Wall St Week Ahead: Stocks’ rally set to run as fear fades

By Angela Moon

NEW YORK, Dec 3 (BestGrowthStock) – Europe’s sovereign debt crisis
will still hang over global markets next week, but on Wall
Street, investors will not be afraid to bet on stocks.

Wall Street has shown its ability to hold onto gains, or
quickly recover from losses this week despite Europe’s debt
woes, suggesting that investors are confident of a sustained
rally.

“When things don’t fall apart on bad news, you know that
the market is no longer vulnerable. The overall sentiment is
pretty solid,” said Randy Frederick, director of trading and
derivatives at Schwab Center for Financial Research in Austin,
Texas.

The outstanding put-to-call ratio on index options,
heavily focused on the S&P 500 benchmark, dropped from 1.32
last week to 1.29, showing bullish signs for next week.

The ratio, which is always greater than 1, is the primary
hedging vehicle for institutional investors. The ratio rises
with a market rally as the possibility of a pullback also
increases.

“The ability (to not fall apart) is helping investors
remain upbeat on short-term prospects for stocks. We may not
see this continue until the end of January next year, but the
month of December certainly looks encouraging.”

The CBOE Volatility Index or VIX (.VIX: ), Wall Street’s
so-called fear gauge, fell despite a decline in stocks earlier
in the day as traders saw fewer reasons to buy protection.

The index, which usually moves inverse to the S&P 500
benchmark, strayed from the relationship and closed at its
lowest since April.

The iPath S&P 500 VIX Short Term Futures exchange-traded
note (BARC.L: ) (VXX.P: ) also notched a new year low of $41.51 on
Friday. The ETN, which offers directional volatility exposure,
is based off of the front two-month futures on the VIX.

“There is definitely a trend in the VXX to try to get
short in the ETN,” said Dan Deming, a VIX options trader at
Stutland Equities.

S&P 500 ENDS WEEK UP 3 PERCENT

Fears that Europe’s debt crisis could spiral out of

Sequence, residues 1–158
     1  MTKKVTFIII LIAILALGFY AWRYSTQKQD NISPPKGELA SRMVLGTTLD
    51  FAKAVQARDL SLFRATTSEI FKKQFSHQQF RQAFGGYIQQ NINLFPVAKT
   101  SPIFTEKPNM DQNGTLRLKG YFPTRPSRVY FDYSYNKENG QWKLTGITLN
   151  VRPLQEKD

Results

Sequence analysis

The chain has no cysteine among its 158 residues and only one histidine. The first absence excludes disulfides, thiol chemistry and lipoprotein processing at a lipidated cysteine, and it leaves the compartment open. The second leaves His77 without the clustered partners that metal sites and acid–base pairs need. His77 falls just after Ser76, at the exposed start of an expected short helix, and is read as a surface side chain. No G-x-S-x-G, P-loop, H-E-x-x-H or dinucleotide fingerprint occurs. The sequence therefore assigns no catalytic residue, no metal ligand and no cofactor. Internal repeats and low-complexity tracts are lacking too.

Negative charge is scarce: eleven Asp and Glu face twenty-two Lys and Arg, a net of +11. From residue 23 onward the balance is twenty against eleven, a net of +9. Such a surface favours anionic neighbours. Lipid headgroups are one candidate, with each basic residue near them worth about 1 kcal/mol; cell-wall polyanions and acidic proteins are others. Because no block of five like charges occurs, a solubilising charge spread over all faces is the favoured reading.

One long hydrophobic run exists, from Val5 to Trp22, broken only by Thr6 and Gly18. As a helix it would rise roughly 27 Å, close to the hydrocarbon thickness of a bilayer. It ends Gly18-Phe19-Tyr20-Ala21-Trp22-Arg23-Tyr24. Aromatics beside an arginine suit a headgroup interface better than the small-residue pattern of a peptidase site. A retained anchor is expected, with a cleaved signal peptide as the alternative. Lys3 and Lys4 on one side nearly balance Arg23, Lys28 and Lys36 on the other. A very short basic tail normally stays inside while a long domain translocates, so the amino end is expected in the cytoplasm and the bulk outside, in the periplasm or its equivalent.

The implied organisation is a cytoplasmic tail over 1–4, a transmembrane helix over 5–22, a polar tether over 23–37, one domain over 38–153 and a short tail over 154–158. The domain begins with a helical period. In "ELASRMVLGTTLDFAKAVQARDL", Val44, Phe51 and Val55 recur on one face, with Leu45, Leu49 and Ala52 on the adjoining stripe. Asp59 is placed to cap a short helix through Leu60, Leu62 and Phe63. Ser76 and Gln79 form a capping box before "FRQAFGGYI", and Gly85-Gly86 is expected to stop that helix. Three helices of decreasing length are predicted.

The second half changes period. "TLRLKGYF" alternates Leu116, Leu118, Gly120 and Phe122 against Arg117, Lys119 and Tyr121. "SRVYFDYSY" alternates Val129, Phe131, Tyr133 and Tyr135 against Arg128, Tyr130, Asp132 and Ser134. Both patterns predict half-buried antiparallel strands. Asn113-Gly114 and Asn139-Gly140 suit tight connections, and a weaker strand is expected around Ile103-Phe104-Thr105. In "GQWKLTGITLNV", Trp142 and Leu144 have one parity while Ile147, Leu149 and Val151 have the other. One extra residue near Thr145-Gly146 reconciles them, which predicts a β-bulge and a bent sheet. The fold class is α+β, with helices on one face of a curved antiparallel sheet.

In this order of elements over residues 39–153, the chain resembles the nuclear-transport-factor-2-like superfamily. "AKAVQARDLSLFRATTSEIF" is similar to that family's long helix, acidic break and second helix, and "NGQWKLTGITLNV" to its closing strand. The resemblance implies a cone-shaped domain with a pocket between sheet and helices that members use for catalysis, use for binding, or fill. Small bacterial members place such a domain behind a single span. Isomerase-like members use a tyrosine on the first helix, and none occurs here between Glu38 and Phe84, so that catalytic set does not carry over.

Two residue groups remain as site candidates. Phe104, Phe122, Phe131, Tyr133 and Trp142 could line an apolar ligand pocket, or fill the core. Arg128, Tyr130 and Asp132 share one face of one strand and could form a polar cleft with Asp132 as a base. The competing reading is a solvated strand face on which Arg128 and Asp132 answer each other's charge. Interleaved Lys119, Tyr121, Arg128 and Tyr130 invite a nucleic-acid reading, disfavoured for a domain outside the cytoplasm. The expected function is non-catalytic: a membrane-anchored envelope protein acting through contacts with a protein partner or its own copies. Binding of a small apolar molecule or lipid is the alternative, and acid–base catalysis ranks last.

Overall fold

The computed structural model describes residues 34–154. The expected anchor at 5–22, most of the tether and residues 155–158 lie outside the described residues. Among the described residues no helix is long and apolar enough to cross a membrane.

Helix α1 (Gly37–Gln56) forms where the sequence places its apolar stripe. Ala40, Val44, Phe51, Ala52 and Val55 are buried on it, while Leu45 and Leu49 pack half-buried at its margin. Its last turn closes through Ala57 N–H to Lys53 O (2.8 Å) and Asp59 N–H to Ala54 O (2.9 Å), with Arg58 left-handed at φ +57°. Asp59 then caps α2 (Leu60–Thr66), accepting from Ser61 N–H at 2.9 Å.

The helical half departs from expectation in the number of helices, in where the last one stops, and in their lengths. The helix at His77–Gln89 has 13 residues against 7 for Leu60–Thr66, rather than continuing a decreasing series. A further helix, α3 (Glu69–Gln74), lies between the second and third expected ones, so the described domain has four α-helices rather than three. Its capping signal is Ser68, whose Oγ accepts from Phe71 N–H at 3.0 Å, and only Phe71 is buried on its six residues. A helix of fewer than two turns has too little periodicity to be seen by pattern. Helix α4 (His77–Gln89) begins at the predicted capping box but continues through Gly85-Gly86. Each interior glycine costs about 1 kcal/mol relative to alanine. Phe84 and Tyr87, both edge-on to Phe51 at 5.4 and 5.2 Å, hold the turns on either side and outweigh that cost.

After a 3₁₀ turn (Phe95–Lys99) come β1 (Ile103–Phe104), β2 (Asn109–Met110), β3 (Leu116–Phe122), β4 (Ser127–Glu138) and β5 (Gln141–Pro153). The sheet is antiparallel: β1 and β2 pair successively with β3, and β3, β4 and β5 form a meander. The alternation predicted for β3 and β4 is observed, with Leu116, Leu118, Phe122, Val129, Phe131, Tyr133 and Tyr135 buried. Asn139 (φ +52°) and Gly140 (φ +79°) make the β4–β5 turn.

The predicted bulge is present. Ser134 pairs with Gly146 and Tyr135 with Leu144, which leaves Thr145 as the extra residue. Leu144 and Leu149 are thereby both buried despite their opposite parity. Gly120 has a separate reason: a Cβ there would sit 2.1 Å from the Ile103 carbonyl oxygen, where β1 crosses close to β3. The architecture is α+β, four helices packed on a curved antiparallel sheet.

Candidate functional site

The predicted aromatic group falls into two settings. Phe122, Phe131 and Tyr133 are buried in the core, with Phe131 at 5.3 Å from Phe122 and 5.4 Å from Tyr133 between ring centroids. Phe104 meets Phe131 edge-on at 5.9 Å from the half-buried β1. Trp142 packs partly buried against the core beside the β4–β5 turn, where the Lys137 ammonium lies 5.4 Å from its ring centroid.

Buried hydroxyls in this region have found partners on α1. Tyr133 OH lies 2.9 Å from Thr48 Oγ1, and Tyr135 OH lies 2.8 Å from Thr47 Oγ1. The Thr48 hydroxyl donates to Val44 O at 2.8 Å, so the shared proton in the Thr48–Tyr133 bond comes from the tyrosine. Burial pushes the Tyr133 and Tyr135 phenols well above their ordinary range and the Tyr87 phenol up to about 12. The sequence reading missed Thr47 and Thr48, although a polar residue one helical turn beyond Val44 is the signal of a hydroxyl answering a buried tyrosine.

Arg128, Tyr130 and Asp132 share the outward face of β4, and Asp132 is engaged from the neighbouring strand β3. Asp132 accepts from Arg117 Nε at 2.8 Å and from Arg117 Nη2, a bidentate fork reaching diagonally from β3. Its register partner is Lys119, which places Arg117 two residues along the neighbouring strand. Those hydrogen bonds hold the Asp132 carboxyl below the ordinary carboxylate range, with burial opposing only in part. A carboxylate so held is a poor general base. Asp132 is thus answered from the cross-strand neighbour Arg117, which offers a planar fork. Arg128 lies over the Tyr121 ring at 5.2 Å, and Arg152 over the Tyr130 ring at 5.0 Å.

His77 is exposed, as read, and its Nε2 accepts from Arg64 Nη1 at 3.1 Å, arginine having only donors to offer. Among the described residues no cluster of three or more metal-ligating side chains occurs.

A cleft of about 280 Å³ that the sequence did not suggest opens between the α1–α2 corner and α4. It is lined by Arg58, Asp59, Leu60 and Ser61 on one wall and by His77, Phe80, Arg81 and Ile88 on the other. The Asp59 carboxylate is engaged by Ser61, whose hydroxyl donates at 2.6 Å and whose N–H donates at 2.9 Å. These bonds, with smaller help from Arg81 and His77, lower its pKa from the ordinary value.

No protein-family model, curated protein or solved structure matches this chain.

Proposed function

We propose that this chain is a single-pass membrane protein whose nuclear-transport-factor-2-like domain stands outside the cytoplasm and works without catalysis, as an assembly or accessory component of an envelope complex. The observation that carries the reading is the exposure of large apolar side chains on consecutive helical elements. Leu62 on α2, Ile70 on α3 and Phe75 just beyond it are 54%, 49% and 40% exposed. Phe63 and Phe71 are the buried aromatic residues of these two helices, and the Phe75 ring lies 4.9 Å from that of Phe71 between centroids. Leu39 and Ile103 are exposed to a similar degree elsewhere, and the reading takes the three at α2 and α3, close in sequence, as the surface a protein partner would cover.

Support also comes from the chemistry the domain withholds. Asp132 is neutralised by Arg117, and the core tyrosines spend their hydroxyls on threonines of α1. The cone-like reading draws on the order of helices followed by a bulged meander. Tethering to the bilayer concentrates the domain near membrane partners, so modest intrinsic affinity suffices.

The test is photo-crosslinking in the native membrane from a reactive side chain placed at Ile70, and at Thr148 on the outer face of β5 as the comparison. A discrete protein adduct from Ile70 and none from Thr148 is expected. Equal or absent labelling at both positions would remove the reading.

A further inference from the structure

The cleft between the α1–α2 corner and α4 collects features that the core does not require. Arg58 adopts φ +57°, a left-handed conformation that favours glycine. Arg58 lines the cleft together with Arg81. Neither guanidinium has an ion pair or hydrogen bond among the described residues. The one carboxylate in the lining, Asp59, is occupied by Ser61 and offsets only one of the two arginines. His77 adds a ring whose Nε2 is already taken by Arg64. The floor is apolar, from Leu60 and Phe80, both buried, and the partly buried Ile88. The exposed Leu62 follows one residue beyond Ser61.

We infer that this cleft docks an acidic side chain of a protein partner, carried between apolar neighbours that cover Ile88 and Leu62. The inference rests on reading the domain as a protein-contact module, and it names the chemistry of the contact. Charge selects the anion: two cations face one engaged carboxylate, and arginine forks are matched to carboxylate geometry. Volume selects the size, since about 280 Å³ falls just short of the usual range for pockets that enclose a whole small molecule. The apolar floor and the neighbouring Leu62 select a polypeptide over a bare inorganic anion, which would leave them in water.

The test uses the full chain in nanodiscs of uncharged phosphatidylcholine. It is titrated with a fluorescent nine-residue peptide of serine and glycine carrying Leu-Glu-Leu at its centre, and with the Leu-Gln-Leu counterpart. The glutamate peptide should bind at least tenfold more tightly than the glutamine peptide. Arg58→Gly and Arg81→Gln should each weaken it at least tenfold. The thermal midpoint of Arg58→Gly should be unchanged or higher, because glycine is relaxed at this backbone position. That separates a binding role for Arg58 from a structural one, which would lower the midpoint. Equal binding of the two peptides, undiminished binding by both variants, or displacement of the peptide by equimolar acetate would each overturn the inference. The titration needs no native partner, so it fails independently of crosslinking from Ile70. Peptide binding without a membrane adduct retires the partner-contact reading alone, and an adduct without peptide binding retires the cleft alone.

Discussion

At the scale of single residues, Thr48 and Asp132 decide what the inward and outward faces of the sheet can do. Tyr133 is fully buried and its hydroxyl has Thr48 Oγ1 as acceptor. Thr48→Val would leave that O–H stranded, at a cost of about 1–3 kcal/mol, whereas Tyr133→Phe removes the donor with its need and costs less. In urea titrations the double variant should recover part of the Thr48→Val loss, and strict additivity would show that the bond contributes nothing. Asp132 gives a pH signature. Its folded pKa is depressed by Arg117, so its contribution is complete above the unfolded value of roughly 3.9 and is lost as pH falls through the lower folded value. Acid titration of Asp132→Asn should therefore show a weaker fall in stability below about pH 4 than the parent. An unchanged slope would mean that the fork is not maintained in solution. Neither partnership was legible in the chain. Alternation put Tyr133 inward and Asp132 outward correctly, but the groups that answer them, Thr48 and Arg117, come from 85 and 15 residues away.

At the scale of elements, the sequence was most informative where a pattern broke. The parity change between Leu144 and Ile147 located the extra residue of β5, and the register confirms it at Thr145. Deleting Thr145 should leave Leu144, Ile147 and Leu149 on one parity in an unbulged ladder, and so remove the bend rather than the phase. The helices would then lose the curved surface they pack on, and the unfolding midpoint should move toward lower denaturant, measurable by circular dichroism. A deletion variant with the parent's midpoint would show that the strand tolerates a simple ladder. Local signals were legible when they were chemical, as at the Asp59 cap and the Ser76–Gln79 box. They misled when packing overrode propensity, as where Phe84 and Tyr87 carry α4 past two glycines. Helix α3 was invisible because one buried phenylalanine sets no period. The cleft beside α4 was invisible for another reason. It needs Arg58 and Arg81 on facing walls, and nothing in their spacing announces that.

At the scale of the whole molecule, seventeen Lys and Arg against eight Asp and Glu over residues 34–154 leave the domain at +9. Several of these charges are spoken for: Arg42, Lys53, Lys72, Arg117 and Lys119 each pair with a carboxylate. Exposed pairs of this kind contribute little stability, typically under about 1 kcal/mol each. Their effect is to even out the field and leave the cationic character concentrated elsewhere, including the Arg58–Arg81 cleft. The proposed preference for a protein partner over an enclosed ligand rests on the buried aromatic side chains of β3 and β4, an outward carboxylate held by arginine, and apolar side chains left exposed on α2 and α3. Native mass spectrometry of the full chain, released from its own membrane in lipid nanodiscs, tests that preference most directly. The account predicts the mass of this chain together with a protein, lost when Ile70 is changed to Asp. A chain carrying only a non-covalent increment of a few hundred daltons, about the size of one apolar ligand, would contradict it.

control have pushed stocks off two-year highs hit earlier this
month. Last week, the S&P 500 was down 3 percent from Nov. 5.

But the index recovered to the early November levels this
week as fears were countered by a spate of healthy economic
data and an upbeat outlook on consumer spending during the
holiday shopping season.

“Europe is kind of its own play now,” said Jeff Roach,
chief economist at Horizon Investments in Charlotte, North
Carolina, adding that investors are starting to brush off the
longer-term macro issues.

On Friday, stocks closed out their best week in a month
with the Dow Jones industrial average (.DJI: ) up 2.6 percent,
the Standard & Poor’s 500 (.SPX: ) up 3 percent and the Nasdaq
Composite Index (.IXIC: ) up 2.2 percent, after shrugging off
tepid jobs numbers for November.

ISM FORECASTS, TRADE GAP ON TAP

Economic indicators next week will be fairly light, with
the Institute for Supply Management releasing its semi-annual
economic forecasts for the U.S. manufacturing and services
sectors on Tuesday. The weekly mortgage data on Wednesday and
jobless claims on Thursday will still get close scrutiny.

On Friday, Wall Street will watch for reports on import
and export prices in November, the international trade deficit
for October, and a preliminary reading December consumer
sentiment from the Thomson Reuters/University of Michigan
Surveys of Consumers.

As the year wraps up, portfolio managers will continue to
chase outperforming stocks and sell some laggards to keep
their balance sheets healthy.

The three-day moving average of stocks hitting new 52-week
highs on the New York Stock Exchange accelerated at the end of
November and is now close to 250, while stocks making new
52-week lows edged down in December and remained slight.

The portfolio managers are “all trying to scramble to
catch up. They have performance risk, they have bonus risk and
ultimately they have job risk,” said Jeffrey Saut, chief
investment strategist at Raymond James in St. Petersburg,
Florida.
(Wall St Week Ahead appears every Friday. Questions or
comments on this column can be e-mailed to:
[email protected])
(Reporting by Angela Moon; Additional reporting by Leah
Schnurr and Doris Frankel; Editing by Jan Paschal)

Wall St Week Ahead: Stocks’ rally set to run as fear fades